The blog of the John S. and James L. Knight Foundation
Shira Abergel has wings and she plans to use them to fly over the Appalachians during Miami Light Project's Here & Now: 2013 — a Knight Emerging Artist Series — at The Lightbox at Goldman Warehouse. During the festival, Abergel will debut “Appalachian Squall,” which is a multi-disciplinary one-woman performance inspired by the myth, legend and music of the Appalachians.
Neil de la Flor: What is “Appalachian Squall"?
Shira Abergel: "Appalachian Squall" is a prohibition-era cautionary tale about love, pain and alcoholism. This piece utilizes old archival and new film footage projections, original music, live performance and the heartbeat of Appalachian culture — live traditional mountain music — to create a black-and-white theater/silent film experience. Although I am not from the mountains, I feel connected and inspired by the grit of mountain life, the strength of mountain folk, and the stories and ballads of mountain music, whose sometimes festive, sometimes harrowing melodies and themes capture the romance and anguish of love and alcoholism.
ND: What brings your work to the edge or beyond the edge...and the edge of what?
SA: I don't know about my work being edgy, I don't strive for that. All I do is meet inspiration head on and fly with it. I'm already over the edge, hopefully my wings start working before I hit the bottom.
ND: Biggest challenge putting this project together?
SA: Having a low budget and playing all the roles a play needs to take off: Director of film and performance, casting director, dramaturg, writer, prop master, set designer, costume designer, actor, composer, etc. It is hard to see what the whole show looks like and what needs to be done when my mind is focused on so many different aspects of the piece. Thank God I don't have a nine to five and a wonderful cast and crew to help achieve it all.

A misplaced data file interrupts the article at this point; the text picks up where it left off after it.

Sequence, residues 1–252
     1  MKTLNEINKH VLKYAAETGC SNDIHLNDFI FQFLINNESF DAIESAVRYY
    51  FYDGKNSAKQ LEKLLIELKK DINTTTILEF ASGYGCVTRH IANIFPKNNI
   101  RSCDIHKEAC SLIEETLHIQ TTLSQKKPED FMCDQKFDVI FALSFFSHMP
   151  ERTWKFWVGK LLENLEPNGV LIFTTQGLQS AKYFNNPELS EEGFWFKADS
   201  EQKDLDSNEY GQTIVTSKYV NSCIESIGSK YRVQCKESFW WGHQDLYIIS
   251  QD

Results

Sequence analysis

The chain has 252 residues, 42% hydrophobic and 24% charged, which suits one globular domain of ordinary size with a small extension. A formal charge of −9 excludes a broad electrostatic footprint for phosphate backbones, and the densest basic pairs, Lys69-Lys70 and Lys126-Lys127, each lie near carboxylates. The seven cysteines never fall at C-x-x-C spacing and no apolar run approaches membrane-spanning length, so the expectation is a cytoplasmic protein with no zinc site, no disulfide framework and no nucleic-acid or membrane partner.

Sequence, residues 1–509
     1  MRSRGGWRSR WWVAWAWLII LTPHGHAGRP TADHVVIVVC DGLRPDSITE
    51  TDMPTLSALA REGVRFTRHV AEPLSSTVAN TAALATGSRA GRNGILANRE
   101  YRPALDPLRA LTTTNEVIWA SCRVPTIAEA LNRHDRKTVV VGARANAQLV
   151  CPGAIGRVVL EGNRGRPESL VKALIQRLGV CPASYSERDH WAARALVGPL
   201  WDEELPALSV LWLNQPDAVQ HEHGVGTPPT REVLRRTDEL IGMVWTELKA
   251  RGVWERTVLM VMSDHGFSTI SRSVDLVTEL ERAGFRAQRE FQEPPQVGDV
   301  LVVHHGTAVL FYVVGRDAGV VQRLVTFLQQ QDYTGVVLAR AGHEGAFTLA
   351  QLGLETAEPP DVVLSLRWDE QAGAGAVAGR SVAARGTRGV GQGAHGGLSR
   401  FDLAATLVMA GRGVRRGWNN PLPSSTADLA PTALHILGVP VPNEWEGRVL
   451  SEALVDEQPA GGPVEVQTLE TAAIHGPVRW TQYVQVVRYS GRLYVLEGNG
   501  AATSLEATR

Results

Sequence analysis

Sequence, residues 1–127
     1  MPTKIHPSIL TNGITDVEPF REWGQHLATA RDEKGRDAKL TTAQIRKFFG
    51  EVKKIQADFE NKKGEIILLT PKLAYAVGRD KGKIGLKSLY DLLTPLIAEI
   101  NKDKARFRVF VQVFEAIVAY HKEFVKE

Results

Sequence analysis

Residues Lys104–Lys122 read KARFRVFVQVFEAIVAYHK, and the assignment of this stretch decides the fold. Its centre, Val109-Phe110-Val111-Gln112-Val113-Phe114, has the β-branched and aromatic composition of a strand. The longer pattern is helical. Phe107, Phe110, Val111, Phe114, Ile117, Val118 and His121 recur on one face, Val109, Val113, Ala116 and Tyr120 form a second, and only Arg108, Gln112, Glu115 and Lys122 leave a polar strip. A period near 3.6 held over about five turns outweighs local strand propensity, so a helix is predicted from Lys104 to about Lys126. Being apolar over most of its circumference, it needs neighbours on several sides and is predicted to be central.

ND: What does it feel like when you perform?
SA: The lead-up is nerve racking, but when the show is ready to go and I feel confident about my readiness, I am excited, while focused. I have to stay focused and not let the excitement take over, otherwise the story is threatened. Performing live is exhilarating. It is my livelihood.
The Miami Light Project Presents Here & Now: 2013 from February 7-16 at 8 p.m. at The Light Box at Goldman Warehouse, 404 NW 26 St., Miami. Tickets: $25, non-members; $20, members; $15, students and seniors. Tickets are available at miamilightproject.com or by calling 866-811-4111.